“Of all the issues that we discussed today, the issue of territorial waters of India could not be decided upon and will be taken up tomorrow along with dual control,” Kerala Finance Minister Issac Thomas said.
There is also significant disagreement on the issue of “dual control”.
States have demanded that assessees should be divided horizontally with Rs 1.5 crore be the cut-off base. Under this model, states would assess businesses with an annual turnover Rs 1.5 crore, while both the Centre and states would do so for businesses having higher turnover.
The Centre is pushing for a vertical division of the assessee-base without a turnover threshold. Under this model, both states and the union government will have oversight powers on a certain fixed proportion based on the number of assessees, rather than the turnover.
In the last meeting, council had finalised the drafts of the two main supplementary legislations—the Central GST Bill and the State GST Bill.
Talks will continue on Wednesday to hammer out an agreement on the issue of dual control or “cross-empowerment”.
The original deadline to roll-out GST from April 1, 2017 appears increasingly unlikely.
“I don’t think GST can happen in April, there may be one or two months delay,” Delhi Deputy Chief Minister Manish Sisodia said.
Separately, the commerce and industry ministry has pitched for exemptions under GST for export-oriented sectors such as leather, plantation, tourism, hospitality and health besides and special economic zones.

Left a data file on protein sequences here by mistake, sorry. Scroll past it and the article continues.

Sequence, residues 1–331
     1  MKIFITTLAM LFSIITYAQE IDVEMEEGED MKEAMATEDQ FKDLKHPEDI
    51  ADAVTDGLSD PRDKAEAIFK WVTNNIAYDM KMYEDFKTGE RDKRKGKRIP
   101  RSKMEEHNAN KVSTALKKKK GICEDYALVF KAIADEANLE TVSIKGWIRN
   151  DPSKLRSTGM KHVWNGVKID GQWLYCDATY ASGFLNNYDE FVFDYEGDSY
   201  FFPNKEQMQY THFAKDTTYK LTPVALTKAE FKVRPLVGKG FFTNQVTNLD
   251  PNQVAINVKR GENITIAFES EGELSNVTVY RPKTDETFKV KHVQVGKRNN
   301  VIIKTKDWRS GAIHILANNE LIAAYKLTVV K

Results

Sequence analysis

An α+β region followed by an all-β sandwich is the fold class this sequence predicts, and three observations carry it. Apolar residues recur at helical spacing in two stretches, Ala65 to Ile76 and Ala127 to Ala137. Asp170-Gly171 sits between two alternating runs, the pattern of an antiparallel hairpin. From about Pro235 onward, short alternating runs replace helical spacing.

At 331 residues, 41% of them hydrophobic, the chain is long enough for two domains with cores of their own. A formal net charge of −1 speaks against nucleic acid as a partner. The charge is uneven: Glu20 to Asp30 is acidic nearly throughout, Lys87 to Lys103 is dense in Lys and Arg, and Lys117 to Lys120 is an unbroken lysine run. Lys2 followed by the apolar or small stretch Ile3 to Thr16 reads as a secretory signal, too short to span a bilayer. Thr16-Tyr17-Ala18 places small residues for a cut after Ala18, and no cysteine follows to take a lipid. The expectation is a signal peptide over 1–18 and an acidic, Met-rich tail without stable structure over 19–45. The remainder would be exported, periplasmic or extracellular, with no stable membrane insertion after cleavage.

Commerce and industry minister Nirmala Sitharaman, who met the GST Council on Tuesday, also argued for keeping capital goods imports that are used as input for exports to be kept outside GST’s ambit.
Under GST, the states and the Centre will collect identical rates of taxes on goods and services. For instance, if 18 percent is the GST rate on a good, the states and the Centre will get 9 percent each called the CGST and SGST rates.
The Centre will also levy and collect the Integrated Goods and Services Tax (IGST) on all inter-State supply of goods and services.
The IGST mechanism has been designed to ensure seamless flow of input tax credit from one state to another.
States also want control over administering the IGST mechanism. The union law ministry, however, is of the view that only the Centre should have administrative authority over IGST.
Haryana Finance Minister Abhimanyu Singh Sindhu said the draft of model IGST was “more-or-less finalised” today. “I am optimistic that dual control will be resolved tomorrow,” he said.
A committee is concurrently working on the “classification” exercise–a comprehensive list specifying the tax rate that each good and service will attract.
The council has agreed on a four-slab structure –5, 12, 18 and 28 percent—along with a cess on luxury and `sin’ goods such as tobacco.
A bureaucrats’ panel (of states and the Centre) was subsequently expected to classify the goods and services according to this slab structure.
Agreement on the rate classification is critical to test the country-wide information technology backbone under GSTN.